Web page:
Volunteers helping out during the Wallace Dam celebration on the Quinnipiac River (April, 2012). Photo/Save the Sound

UMass Amherst: Despite modern designs intended to allow migratory fish to pass, hydropower dams on major Northeast U.S. waterways, including the Merrimack and Connecticut rivers, have failed to let economically important species such as salmon, shad and river herring reach their spawning grounds, say a team of economists and fish ecologists including Adrian Jordaan of the University of Massachusetts Amherst.

This raises serious questions about the impact of new dams now being planned and constructed on major waterways worldwide, say the researchers in the current issue of Conservation Letters. The international team led by J. Jed Brown of the Masdar Institute of Science and Technology, United Arab Emirates, included investigators at SUNY College of Environmental Science and Forestry, Syracuse; Virginia Tech, the University of Arizona, City University of New York and the University of Victoria, British Columbia as well as UMass Amherst.

They found that in spite of state-of-the-art fish passage facilities, actual numbers of fish passing through them over several decades reached only a tiny fraction of targeted goals. “It may be time to admit failure of fish passage and hatchery-based restoration programs and acknowledge that ecologically and economically significant diadromous species restoration is not possible without dam removals,” say Jordaan, Brown and colleagues.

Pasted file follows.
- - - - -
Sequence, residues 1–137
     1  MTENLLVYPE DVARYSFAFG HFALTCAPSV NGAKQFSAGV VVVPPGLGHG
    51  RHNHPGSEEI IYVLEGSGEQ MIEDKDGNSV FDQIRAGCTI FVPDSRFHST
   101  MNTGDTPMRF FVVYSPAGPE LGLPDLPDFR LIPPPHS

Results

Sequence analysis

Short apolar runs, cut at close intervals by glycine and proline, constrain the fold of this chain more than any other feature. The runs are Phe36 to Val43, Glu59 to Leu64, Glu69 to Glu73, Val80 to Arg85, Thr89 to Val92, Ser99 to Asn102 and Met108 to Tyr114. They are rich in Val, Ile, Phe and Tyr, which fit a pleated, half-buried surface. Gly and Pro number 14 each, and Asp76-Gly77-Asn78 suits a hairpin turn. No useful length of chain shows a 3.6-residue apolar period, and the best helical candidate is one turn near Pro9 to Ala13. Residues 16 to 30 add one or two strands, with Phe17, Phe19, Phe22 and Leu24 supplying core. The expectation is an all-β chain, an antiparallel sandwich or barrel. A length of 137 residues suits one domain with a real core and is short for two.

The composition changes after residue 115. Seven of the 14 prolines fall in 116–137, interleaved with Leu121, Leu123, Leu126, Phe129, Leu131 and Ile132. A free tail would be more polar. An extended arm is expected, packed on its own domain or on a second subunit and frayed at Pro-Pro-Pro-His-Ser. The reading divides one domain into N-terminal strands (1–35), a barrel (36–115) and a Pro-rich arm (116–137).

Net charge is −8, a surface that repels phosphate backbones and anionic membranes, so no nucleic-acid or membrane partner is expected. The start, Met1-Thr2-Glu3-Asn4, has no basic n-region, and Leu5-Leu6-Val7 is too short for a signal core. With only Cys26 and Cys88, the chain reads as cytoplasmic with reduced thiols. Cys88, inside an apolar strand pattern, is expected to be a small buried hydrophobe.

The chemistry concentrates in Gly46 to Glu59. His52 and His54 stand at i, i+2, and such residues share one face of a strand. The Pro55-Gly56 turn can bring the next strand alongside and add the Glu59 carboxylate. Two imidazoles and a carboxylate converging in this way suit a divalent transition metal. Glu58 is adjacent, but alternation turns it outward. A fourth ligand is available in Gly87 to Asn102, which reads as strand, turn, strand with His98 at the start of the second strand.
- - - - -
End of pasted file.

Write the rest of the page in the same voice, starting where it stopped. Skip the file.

The three river systems studied, the Merrimack, Connecticut and Susquehanna, are historically important for fish populations that migrate from the sea to spawn in rivers, known as diadromous species. They include sturgeon, salmon, shad, alewife, blueback herring and eel. Four of the nearly 20 dams studied are on the Susquehanna, with more than 10 on the Connecticut and five on the Merrimack. Jordaan points out that the Connecticut River watershed has more than 1,000 dams on tributaries, but those on the river’s main stem have the most impact on all species.

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UMass Amherst


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